Dust

  • Yvonne Adhiambo Owuor
  • Alfred A. Knopf
  • 368 pp.

In her debut novel, Dust, Yvonne Adhiambo Owuor reveals the flip side of the safari-and-wildlife Kenya with which most Americans are familiar, instead showing us a Kenya irreparably damaged by colonialism and rife with acts of Kenyan-against-Kenyan inhumanity.

The book opens in 2008 amid post-election violence, as Odidi Oganda is running from and eventually killed by the police. When his sister Adjani returns to her home village to join her father, Nyipir, in burying Odidi, her mother runs off for unknown territory — something she apparently does often. A British man named Isaiah Bolton arrives in the village to search for his own father. Before Isaiah can learn anything from Adjani or her father, Adjani departs, hoping to discover why her brother was killed. Added to the mix are Nyipir’s regrets about his past and the intertwined stories of a variety of other characters who are haunted by things they have done and seen—Galgalu, the family servant; Ali Dida Hada, assistant commissioner of police; Petrus Keah, a high-ranking police detective; Justine, Odidi’s pregnant girlfriend; and Seline Bolton, Isaiah’s mother.

At times the sizable cast becomes confusing, and so does the plot, which moves back and forth in time from pre-independence to 2008. The end of the book left me puzzled about many details, such as a violent incident between Adjani and her boyfriend that the author alludes to but never fully explains. A character who was with Odidi when he died tells Nyipir that his son had a message for him but we never learn what that message was. And I am still not sure I know the identity of Adjani’s and Isaiah’s real fathers.

The story is further obfuscated by Owuor’s style, which some might call prose poetry — rife with sentence fragments and short, cryptic sentences. This makes for lush, beautiful language but as a reader I was often left guessing what was actually happening. Take this excerpt for example:“Fireflies land on memories. Images. Baba coming home from secret journeys, bearing gifts of livestock and assorted weapons like a fourth magus. Ritual display of changes in gun sizes, shapes, and weights. Concealment before sales. Plots and plans….Silence’s oaths — slow-dripping venom and seductive promises of “memory loss” — the end of inconvenient secrets, the gift of power, as long as the oath was fed, in intermittent seasons, with spilled human blood.”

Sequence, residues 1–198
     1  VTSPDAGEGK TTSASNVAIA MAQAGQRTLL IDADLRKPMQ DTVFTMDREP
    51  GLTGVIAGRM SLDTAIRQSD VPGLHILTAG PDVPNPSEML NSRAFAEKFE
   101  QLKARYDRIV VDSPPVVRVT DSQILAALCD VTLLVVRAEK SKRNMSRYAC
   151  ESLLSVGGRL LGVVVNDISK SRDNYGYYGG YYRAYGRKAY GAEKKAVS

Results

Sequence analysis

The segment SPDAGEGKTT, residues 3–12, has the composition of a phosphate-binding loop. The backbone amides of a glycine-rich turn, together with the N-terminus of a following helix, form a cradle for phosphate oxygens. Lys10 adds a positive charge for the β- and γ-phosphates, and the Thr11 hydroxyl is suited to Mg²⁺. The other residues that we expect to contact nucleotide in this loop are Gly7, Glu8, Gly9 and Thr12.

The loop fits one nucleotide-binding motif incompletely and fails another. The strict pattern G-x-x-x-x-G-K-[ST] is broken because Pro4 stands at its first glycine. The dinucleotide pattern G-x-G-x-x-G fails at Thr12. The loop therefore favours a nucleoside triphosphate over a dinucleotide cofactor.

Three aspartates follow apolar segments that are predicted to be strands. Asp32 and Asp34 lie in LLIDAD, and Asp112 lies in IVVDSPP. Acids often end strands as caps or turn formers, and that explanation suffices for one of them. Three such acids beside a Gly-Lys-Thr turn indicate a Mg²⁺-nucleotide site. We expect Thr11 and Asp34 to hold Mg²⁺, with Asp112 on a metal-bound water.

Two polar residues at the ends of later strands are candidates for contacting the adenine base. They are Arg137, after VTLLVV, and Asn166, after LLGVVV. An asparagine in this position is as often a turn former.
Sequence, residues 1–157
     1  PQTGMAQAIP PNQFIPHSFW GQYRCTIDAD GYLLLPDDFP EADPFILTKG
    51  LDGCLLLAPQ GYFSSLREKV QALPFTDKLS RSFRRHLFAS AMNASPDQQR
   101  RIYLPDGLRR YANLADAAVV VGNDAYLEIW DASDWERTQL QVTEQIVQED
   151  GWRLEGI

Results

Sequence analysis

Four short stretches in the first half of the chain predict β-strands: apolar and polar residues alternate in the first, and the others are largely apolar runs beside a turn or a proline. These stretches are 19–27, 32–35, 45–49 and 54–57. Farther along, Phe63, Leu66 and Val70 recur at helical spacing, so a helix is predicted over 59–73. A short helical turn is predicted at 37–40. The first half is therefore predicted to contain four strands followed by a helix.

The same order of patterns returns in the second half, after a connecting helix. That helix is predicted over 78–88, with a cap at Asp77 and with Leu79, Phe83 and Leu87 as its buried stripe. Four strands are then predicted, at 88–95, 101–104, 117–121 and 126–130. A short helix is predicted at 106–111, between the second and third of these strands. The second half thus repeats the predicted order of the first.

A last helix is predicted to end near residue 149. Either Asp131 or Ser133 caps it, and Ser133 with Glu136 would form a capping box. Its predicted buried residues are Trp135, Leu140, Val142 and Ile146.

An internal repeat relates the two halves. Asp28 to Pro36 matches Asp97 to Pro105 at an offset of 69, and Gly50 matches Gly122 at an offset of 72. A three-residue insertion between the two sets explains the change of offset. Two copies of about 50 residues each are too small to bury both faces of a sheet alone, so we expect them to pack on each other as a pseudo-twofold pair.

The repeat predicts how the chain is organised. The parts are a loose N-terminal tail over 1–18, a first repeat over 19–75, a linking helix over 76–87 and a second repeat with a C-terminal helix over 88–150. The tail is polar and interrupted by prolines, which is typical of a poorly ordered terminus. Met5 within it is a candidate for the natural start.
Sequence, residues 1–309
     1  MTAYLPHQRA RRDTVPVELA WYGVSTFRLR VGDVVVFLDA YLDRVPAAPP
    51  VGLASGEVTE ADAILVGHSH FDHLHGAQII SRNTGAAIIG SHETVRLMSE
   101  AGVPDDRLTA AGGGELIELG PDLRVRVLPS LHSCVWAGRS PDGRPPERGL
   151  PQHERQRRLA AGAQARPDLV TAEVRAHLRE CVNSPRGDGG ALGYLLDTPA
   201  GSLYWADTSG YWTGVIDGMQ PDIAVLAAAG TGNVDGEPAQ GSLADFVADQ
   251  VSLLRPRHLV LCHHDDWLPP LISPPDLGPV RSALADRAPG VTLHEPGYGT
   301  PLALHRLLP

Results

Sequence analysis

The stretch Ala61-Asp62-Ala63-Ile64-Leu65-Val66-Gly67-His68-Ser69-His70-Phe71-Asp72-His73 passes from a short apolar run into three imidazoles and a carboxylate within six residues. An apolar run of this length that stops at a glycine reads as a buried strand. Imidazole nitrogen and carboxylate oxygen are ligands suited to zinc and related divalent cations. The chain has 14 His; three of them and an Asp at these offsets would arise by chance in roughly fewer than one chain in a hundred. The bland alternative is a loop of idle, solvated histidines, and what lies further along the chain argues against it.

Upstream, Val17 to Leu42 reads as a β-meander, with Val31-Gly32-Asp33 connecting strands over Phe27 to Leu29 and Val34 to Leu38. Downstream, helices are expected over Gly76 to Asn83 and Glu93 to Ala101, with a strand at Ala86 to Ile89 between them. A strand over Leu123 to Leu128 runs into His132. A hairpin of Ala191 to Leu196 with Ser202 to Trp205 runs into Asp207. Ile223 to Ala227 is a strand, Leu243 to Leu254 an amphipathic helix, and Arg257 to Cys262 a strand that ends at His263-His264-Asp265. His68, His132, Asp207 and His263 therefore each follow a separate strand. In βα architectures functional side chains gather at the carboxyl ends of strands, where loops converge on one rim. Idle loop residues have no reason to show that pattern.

Or this:“The notes find and burrow into secret wounds of the hearers. Peel away scars. Goose bumps at Wuoth Ogik; even the livestock moan. Gut ache, heart murmur. Nyipir paces back and forth, a leopard caged. Paralysis starts with a popping stab in his right eye. More losing. He cannot move.”

Owuor’s style reminded me of a conversation I once had with a poet after she handed me a poem she thought was particularly good. “But what does it mean?”I asked after I read it. She posited that it didn’t have to mean anything, that reading poetry can either be approached at the literal level by focusing on the content, or on an emotional level where the reader simply experiences what it evokes in them. I wonder if this is what Owuor is hoping for, if she wants her readers to approach her work on a purely emotional level.

Owuor is equally oblique when referencing incidents across Kenya’s history. Even though these events are more than backdrop — are, in fact, central to the challenges her characters face in the novel — they are alluded to in cryptic terms rather than explained. If you’re not familiar with Kenyan history, you may find yourself putting down the book repeatedly to look up the details of events she references: the Mau Mau rebellion, the 1969 assassination of Tom Mboya, a 1998 bombing in Nairobi (she doesn’t specify the U.S. Embassy, though this is probably the one event that American readers will be likely to recognize), and Daniel arap Moi’s ascendency to power (she doesn’t provide his name, just states: “In 1978, a lean cattleman, an inarticulate teacher, took charge.”). And good luck Googling the civil conflict that takes up nearly a third of the book and is central to Nyipir’s, Ali Dida’s, and Petrus’ intertwined and anguished pasts: because it’s never named, I still don’t know what the conflict was about, where it took place, or how long it lasted.

That Owuor doesn’t provide readers with background on these events makes me wonder if her intended audience is the people who are the most familiar with Kenya’s history. If so, maybe her book is ultimately meant as a plea to her compatriots to look within, to ponder where their country has come from and where it is headed. For the rest of us, however, being left in the dark makes it difficult to have the emotional response that Owuor seems to havebeen seeking.

Susi Wyss is the author of The Civilized World, a book of fiction set across
Africa that was largely inspired by her 20-year career in international health.
In addition to receiving the Maria Thomas Fiction Award,
The Civilized
World was named a “Book to Pick Up Now” by O,
the Oprah Magazine.

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